Chambers talks upcoming basketball season
Penn State coach Patrick Chambers sees “great potential” in his team going into this season.
His young players are eager and coachable and talented.
And he wants them to be fearless on the court.
“There’s no limits on this team,” Chambers said during a press conference at the team’s media day Wednesday. “There’s going to be expectations and there’s never been expectations before and let’s enjoy it and let’s have fun with it. That’s been the mantra.”
Chambers is trying not to look too far ahead while he prepares his team for this season.
He knows he has talent as Penn State returns three players who started at least 20 games last season to go with a highly touted freshman class. Shep Garner started every game and finished second on the team in scoring a year ago, Payton Banks was the team’s third-leading scorer and second-leading rebounder in 31 starts and Josh Reaves showed flashes while starting 20 games as a freshman. Roman Catholic teammates Nazeer Bostick, Tony Carr and Lamar Stevens join the program after leading their team to the PIAA Class AAAA championship last season, and the Nittany Lions add redshirt freshman Mike Watkins and UConn transfer Terrence Samuel to the mix this season.
With his team’s depth, Chambers reiterated his plan to play at a faster pace and said he wants to play 10 players.
He said the Nittany Lions will press more and push the ball. Chambers is committed to the new style, saying he wants to see a jump from the team’s scoring average of 65.8 points per game last season, which ranked last in the Big Ten.
“We want to score 80, that’s the goal,” Chambers said.
For now, Chambers is happy to see healthy competition within his team at practices.
The coach hasn’t decided on a starting lineup, but said he might start to figure out a rotation next week.
“So everybody understands when their minutes are coming, when they’re coming off the bench,” Chambers said. “... So there’s a comfort level, ‘I know when I’m going in.’”
Going into the season, Chambers is excited about the expectations.
Reaves noticed the “hype” during the first week of school as he was impressed by the turnout at an involvement fair while helping the Legion of Blue, Penn State’s student section.
“People have faith in us,” Reaves said. “And people are starting to see that we have a chance to do something really great here.”
With Carr and Samuel in the mix, Chambers said Garner will play off the ball more.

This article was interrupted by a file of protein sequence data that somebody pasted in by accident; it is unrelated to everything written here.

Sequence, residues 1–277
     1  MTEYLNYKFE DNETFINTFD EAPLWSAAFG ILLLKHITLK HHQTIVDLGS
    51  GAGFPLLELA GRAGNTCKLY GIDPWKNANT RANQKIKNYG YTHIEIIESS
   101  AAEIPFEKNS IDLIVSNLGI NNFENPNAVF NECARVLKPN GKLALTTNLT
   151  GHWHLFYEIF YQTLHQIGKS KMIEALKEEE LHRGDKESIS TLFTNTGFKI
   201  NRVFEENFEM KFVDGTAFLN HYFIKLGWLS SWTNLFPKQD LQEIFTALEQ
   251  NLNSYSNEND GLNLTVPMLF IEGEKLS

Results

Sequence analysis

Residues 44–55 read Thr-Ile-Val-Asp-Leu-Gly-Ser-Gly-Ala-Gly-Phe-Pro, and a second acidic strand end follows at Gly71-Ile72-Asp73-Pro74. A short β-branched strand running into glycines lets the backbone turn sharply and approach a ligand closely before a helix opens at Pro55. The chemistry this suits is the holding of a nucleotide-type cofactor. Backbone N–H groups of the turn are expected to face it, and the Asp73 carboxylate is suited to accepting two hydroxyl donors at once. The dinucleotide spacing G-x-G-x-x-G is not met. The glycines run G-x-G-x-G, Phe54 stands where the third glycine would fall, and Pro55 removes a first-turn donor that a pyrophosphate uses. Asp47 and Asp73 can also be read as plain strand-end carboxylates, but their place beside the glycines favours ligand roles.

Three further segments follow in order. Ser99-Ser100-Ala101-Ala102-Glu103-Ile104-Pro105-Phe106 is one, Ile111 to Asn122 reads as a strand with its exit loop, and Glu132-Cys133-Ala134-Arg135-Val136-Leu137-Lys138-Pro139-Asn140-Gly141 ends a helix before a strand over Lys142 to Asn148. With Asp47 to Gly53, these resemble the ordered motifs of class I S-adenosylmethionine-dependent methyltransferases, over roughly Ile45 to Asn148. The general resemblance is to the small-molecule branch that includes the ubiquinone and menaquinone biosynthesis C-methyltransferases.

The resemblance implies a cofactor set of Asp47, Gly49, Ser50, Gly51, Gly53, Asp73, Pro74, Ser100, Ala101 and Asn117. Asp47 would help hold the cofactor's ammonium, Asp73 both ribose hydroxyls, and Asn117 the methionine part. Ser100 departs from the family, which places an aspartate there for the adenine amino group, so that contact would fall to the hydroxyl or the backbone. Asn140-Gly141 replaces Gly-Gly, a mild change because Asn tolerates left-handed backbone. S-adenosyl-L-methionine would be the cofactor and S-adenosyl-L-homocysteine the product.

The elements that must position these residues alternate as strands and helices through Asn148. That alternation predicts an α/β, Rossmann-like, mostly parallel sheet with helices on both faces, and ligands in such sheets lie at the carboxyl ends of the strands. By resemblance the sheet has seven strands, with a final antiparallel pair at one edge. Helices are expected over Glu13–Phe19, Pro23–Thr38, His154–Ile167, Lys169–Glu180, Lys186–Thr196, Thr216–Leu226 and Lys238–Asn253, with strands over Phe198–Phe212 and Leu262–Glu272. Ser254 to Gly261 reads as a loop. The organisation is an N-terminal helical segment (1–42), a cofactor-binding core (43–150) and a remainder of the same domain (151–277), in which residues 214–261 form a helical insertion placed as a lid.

“So Shep doesn’t have to bring the ball up for 37 minutes, which can tire anybody out with the level that we’re playing at,” Chambers said.
Chambers said Carr and Samuel will be crucial to giving Garner a break and getting him shots. Garner used dribble handoffs and ball screens to get his own shots on his way to averaging 14.8 points and leading the team with 75 3-pointers.
Chambers hopes to see the guards and big men find Garner for open shots this season.
And the junior is looking to make life easier on his point guards.
“When you’re off the ball, you got to do little things,” Garner said. “You got to create separation and not force the point guards to get any turnovers — a lot of times, a point guard makes a turnover, they’ll get it, but most of the time, it’s not their fault.”
Reaves is coming off an up-and-down freshman season.
He showed his ability to affect games on the defensive end with deflections and steals leading to breakaway dunks, impressing Chambers and his teammates with his energy.
But he also missed six games due to mononucleosis.
He spent the offseason working to regain the weight he lost, and he’s focused on taking care of his body going into this year.
“Last year I would always take bumps and I would always have bruises here and there and I would never go in (to get treatment) and try to get it fixed because I always thought like, ‘I’m OK. I’ve always played through stuff like this,’” said Reaves, a 6-foot-4, 210-pound guard. “But going through games, going through practices, it starts to take a toll on you.”
Due to the departure of freshman Joe Hampton, which the program announced in late September, Penn State has an open scholarship.
Chambers and his staff will weigh their options with that spot moving forward.
“Right now we’re going to stand pat and take the best player for us whether that’s in ’17, whether that’s in ’18, whether it’s a transfer,” Chambers said. “We’ll just have to see how things — after this signing period, we’ll just see how things start to fall in place throughout the country and then make some decisions on how we move forward and what’s our pressing need for this team.”